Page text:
Contemporary immigrants are very strongly concentrated in six states: California, New York, Florida, Texas, New Jersey and Illinois. The combined total immigrant population of these six states is 70% of the total foreign-born population as of 2000.

Illegal Immigration

One consequence of laws restricting the number and ethnicity of persons entering the USA is a phenomenon referred to as illegal immigration, in which persons enter a country and obtain work without legal sanction. In some cases, this is accomplished by entering the country legally with a visa, and then simply choosing not to leave upon expiration of the visa. In other cases - most notoriously Mexicans in the USA without legal sanction - people enter the country surreptitiously without ever obtaining a visa. Often, people entering in this fashion are economic refugees - a class of refugee not recognized by the U.S. Citizenship and Immigration_Services (formerly the Immigration and Naturalization Service); these persons have left their home country in a desperate bid to provide financial support for themselves and/or their families. This is particularly true in cases where "minimum wage" in the US is several times what the average laborer earns in a given country; such immigrants often send large portions of their income to their countries and families of origin.

Much of the controversy today with immigration to the US involves anti-illegal immigration idealogies. Critics of these ideologies say that those who call to and end for "illegal immigration" really are calling for an end to all immigration, but are not realizing it. This is for two reasons, one being that all the problems associated illegal immigration (race to the bottom in wages, etc.) also apply almost equally to non illegal immigrants. Secondly, critics believe that anti immigrant idealogues misunderstand the immigration process and do not realize how many workers who they seem to be replacing jobs that American citizens can do are here completely legally, albeit without citizenship (this number is larger then the amount of illegal immigrants from per country).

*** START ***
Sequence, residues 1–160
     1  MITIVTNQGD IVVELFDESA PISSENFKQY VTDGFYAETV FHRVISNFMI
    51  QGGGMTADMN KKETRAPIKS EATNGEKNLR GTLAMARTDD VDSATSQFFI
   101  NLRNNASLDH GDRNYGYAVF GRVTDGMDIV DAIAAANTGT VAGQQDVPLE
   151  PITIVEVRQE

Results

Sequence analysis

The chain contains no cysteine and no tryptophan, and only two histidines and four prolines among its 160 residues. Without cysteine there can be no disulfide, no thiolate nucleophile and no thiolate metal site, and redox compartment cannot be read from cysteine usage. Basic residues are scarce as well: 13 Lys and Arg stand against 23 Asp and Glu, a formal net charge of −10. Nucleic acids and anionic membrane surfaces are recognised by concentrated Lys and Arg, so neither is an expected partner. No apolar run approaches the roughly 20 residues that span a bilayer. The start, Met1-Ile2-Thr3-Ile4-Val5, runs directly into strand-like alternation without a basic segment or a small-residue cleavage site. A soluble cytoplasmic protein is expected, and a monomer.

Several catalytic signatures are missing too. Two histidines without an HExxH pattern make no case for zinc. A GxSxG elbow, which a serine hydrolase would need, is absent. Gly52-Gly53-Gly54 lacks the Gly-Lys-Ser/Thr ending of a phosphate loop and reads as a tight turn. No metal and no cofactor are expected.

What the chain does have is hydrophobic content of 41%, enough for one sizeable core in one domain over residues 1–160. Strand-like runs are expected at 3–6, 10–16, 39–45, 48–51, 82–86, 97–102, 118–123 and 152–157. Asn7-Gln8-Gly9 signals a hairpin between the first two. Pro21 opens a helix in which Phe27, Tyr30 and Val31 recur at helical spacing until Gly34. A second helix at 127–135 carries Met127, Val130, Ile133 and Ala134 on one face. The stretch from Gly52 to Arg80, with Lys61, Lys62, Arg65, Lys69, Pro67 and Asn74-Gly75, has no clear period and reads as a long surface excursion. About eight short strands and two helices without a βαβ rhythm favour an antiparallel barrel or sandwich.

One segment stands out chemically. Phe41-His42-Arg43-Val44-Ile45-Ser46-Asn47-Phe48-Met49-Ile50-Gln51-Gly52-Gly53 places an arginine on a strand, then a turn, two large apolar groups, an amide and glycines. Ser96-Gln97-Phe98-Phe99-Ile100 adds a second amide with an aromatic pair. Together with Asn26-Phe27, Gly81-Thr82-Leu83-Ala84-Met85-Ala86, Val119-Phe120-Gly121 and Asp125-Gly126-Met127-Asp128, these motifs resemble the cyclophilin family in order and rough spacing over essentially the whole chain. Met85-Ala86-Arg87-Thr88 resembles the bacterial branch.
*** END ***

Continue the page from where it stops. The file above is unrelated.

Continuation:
In the dawn of the 21st century, the controversy was revived because many high tech and software engineering workers were being brought from India on H1 visas. Critics claimed that these people were working for less money and displacing American citzens. The companies who imported the workers argued usually that there were not enough American citzens to fit the job. A few economists argued that whether or not that might be true, it was better to import the workers, otherwise the companies would simply offshore the entire operation to India itself. This would likely be worse for the US economy as a whole, because in the first scenario Indian workers here in the US would at least be spending money in the United States, while the supranational corporation that would export the workers to India would probably not pass down as much of the savings to the US consumer who purchased for them.

Refugees

In contrast to economic refugees, who are not generally granted legal admission, other classes of refugees can and do enter the United States (in a manner that technically is) illegally, but are then granted legal status through a process of seeking and receiving political asylum. For the most part, such persons are fleeing warfare; escaping persecution based on political or religious beliefs; or are victims of torture in their countries of origin. Some asylum cases have been also granted based on sexual orientation or gender, where cultural norms of the home country create and sustain conditions that make life unsafe or unbearable for the individual.

See Also

External Links


  

From Wikipedia, the free encyclopedia. 
Modified by Geona